With so few rounds under your belt what you need is a lot of repetition. But only of the good stuff so that you don't pick up bad habits that you have to break later. Can you get anyone to instruct you in person? Are there local clubs that you could join and get help from? Many clubs teach classes for new players. I'm not so sure that you should throw with drills alone. The longer you can devote to field practice of one specific goal per training the faster your skills and distance and accuracy will improve. At such an early stage i would not yet break down the form to components that much but would try to find the most fluid natural easy feeling form for you. Chances are that it will be the best form for you throughout your career. At your current distance i would rill only with putters. And play with putters and mids not drivers at all. Leopards need about 200' minimum to fly anywhere close to as they are intended to fly. You do need to learn how drivers fly differently eventually but at this point there is no rush.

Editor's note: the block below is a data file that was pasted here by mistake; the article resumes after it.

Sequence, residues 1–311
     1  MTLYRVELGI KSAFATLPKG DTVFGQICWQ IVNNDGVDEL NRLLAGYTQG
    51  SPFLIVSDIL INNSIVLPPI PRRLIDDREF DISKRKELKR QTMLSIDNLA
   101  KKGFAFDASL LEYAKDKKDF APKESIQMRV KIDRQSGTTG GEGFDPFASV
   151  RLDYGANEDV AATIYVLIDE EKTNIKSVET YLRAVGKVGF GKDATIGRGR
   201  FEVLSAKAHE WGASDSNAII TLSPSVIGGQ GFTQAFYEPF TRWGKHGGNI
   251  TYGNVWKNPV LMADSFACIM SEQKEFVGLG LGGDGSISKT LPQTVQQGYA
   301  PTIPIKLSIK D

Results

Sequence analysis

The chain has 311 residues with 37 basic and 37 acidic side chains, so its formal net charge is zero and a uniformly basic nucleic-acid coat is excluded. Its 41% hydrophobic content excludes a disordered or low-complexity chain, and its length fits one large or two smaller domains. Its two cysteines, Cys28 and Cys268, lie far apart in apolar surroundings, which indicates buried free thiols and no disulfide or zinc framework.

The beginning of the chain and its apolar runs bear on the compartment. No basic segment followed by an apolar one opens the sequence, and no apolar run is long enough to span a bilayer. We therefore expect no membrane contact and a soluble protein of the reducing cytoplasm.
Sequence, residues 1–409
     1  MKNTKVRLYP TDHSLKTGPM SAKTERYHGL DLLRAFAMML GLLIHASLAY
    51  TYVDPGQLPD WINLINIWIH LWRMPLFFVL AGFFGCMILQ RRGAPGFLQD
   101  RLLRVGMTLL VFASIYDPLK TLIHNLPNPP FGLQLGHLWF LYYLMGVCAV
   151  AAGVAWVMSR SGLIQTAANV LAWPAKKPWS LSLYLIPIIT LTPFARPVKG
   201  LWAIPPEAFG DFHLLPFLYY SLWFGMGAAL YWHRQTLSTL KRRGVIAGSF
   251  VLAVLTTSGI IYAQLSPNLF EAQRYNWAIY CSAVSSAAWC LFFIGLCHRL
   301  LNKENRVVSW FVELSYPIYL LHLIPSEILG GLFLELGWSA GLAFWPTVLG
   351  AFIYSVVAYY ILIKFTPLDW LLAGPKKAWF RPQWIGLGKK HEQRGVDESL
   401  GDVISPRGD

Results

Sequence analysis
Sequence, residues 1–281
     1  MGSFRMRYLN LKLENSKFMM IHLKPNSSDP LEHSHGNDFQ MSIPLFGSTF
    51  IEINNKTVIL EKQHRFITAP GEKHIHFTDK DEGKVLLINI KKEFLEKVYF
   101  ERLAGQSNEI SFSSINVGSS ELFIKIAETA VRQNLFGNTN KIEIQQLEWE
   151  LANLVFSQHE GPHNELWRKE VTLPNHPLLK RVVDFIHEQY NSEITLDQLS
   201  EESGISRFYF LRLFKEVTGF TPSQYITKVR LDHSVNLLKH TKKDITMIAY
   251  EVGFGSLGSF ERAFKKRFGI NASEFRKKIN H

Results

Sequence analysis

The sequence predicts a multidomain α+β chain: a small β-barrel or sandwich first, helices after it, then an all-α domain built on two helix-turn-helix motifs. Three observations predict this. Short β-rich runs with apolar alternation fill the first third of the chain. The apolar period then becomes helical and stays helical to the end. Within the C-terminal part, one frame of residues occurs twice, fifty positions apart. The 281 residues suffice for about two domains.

Flat shots need running on the center line of the tee and planting each step on the center line. Anhyzer needs running from rear right to front left with the plant step hitting the ground to the left of the line you're running on. Hyzer is the mirror of that.
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Re: Training/Drill suggestions for newbie

Postby Mark Ellis » Tue May 24, 2011 7:19 am

dabstar,

You need a basic lesson from a good teacher. If you live in an area with lots of courses this should be relatively easy to get (Attend a local league and seek it out. Most good players are happy to help).